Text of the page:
A bit of a strange one yesterday. I was over in the Cairngorms again, this time to make ascents of Bynack More, Bynack Beg and A' Choinneach. It's approximately a 20 km round trip from Glenmore Lodge, the majority of it is on good paths. The weather forecast was very favourable, with light winds, a freezing level of around 3000 feet and a cloud base above the majority of the summits. All went well on the walk up Bynack More. A great wee hill, especially if you stick religiously to the apex of the North Ridge. Here exposed rocks and small pinnacles provide good sport and, coupled with some 'step cutting' practise on it's lower slopes, makes for a memorable day out in it's own right and is like a mini alpine ridge. I paused for a while on the summit to take in the views of the Cairngorm plateau. Ben Macdui had lost it's summit to the cloud base and the light was flat and left views dull and uninspiring. There wasn't a breath of wind and it felt oppressive and eriee. Another walker appeared out of nowhere and we exchanged pleasantries before he headed back to Glenmore, while I descended past the Barns of Bynack and onward to A'Choinneach. It was while I was traversing this ground that I became aware of the silence that surrounded me. Apart from the 'crunch' of my footsteps on neve, there was nothing. No wind noise, no animal or bird sound. weird, I thought to myself.
It's a relatively short journey between the two summits (this is probably a reason why A' Choinneach has been dropped from Munro's list). There are a couple of cairns on it's summit plateau and I'm sure the smaller of the two is the one that marks the true summit. It's a quite uninspiring mountain, but the views across Loch Avon to the giant cliffs of the Shelter Stone Crag and Carn Etchachan are spectacular (although not on this occasion, due to the poor light) and would be worth the extra effort. With recent thaws and no precipitation, the dark, brooding cliffs were in stark contrast to the white snows of the plateau. Not much hope for any climbers hoping to get on Sticil Face or Route Major, I thought. I took some photos and then headed for Bynack Beg. Again, this was an easy walk, mostly on flat ground, with good, hard snow. I took delight of jumping across the summit rocks, just as one would across Adam and Eve, the summit rocks of the most majestic of Welsh mountains, Tryfan.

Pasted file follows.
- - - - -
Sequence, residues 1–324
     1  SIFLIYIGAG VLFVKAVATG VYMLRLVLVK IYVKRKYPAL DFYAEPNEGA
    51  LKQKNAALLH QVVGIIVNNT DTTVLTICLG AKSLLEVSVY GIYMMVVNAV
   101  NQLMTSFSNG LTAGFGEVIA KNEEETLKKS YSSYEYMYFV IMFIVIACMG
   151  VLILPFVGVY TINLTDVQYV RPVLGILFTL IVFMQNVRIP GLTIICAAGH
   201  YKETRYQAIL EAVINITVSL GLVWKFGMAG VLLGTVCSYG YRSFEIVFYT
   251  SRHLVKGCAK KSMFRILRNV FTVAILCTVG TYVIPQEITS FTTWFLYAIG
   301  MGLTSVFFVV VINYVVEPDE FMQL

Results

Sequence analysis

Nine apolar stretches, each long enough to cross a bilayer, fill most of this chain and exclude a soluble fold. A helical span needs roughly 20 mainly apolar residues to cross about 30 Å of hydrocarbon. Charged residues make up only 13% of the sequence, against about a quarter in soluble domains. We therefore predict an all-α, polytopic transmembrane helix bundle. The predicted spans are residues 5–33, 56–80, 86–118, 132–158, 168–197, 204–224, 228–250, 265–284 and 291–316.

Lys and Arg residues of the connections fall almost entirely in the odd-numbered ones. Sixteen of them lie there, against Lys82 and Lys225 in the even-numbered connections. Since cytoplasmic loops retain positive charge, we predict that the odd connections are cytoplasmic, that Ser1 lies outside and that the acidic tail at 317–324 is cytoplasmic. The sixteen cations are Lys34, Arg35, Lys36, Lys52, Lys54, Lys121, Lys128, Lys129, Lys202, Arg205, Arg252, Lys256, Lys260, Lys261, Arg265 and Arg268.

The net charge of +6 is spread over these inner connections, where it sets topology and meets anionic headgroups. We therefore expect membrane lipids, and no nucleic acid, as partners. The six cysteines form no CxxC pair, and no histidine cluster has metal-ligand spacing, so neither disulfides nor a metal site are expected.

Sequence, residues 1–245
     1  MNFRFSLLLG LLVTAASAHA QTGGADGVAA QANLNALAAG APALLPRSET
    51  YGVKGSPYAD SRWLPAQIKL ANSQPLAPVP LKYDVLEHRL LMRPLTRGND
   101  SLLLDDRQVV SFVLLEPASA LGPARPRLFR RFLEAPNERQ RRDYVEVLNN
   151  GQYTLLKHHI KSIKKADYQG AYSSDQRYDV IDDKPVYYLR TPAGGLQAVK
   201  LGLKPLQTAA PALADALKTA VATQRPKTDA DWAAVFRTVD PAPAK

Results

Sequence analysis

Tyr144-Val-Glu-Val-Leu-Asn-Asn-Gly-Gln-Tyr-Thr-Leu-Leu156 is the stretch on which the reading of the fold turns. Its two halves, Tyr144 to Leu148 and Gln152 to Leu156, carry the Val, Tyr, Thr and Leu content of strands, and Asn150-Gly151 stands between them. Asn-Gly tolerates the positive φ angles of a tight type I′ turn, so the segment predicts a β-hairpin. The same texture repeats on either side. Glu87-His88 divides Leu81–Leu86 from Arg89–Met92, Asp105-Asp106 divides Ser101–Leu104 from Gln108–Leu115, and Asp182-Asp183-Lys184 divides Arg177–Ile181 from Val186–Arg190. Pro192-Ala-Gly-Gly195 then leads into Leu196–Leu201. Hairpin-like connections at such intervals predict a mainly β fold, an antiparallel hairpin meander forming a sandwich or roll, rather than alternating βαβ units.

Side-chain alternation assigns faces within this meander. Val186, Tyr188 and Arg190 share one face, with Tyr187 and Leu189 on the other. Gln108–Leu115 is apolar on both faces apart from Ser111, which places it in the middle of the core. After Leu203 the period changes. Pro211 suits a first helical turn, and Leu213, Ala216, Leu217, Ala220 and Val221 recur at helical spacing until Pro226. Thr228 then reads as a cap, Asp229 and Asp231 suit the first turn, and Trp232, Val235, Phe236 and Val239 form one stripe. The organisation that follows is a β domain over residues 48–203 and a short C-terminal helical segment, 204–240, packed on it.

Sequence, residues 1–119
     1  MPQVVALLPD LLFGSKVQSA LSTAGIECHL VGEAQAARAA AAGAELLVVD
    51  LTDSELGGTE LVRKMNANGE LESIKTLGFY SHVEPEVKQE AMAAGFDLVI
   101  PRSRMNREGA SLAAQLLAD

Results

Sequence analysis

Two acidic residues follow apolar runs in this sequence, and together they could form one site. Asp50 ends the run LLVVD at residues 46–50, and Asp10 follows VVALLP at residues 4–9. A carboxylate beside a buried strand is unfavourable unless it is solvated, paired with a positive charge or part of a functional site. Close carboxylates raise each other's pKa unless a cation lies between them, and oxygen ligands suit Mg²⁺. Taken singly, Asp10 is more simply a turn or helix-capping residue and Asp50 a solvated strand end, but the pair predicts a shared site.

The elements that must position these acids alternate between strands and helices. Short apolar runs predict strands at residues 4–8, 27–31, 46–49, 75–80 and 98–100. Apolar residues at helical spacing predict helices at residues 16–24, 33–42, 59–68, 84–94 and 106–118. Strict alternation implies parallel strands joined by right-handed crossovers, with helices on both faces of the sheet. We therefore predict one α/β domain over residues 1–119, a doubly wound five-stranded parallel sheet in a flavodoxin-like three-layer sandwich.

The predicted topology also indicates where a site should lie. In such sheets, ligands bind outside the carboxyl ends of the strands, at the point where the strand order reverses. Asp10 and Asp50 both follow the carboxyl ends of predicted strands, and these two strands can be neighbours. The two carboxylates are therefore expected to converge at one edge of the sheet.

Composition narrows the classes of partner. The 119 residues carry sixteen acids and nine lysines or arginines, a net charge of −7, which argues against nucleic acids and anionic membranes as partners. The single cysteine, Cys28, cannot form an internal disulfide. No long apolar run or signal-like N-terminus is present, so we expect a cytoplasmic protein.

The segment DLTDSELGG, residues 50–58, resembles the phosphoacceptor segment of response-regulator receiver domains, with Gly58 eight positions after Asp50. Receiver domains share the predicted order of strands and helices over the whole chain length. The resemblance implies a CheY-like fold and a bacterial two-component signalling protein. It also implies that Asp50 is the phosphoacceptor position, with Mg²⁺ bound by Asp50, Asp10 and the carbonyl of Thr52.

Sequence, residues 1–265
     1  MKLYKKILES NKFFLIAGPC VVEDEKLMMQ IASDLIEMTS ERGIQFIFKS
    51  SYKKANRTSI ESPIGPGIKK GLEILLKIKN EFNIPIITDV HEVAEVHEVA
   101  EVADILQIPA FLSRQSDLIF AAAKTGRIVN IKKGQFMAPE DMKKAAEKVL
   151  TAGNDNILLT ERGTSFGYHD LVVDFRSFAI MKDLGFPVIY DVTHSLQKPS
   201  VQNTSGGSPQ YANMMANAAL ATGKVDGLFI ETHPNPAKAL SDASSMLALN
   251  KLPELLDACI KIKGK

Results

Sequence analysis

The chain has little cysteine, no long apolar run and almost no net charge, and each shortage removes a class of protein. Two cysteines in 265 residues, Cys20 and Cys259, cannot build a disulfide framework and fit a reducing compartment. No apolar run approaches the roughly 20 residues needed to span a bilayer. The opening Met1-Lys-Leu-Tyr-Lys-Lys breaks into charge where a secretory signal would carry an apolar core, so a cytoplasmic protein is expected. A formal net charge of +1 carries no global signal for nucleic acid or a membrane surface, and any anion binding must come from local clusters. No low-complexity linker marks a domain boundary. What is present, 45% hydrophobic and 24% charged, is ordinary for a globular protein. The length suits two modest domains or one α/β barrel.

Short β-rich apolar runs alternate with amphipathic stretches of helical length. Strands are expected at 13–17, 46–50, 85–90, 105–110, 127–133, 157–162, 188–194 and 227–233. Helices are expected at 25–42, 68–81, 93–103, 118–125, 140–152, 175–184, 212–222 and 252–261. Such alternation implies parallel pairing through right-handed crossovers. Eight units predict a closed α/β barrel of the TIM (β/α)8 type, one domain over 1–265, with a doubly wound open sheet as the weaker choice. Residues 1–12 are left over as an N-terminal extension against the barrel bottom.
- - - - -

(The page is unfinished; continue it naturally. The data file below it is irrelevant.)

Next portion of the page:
I opted to descent into the deep valley of Strath Nethy via Bynack Beg's NW spur and was surprised to find evidence of others using this feature as a descent. All too soon I was in the bottom of the glen, facing a 7km walk back to Glenmore and the first part of it was very boggy! I wasn't keen on the place and it would be a serious place to be in poor conditions, as place is definite 'terrain trap' for avalanches. Friends have told me harrowing stories of people getting into difficulty and walking out through Strath Nethy, as well as mountain rescue searches taking place here. It must have been horrendous.
By now it was late afternoon and it was a weary walk along the track to the van. Again I was aware that there was complete silence. no wind, no bird sounds, just the crunch of my boots on the gravel. It was really spooky, especially as I never met anyone else on the path. I wondered whether World War 3 had kicked off and everyone was dead, or aliens had abducted everyone. (Un) fortunately, this wasn't the case as Aviemore was as busy as usual.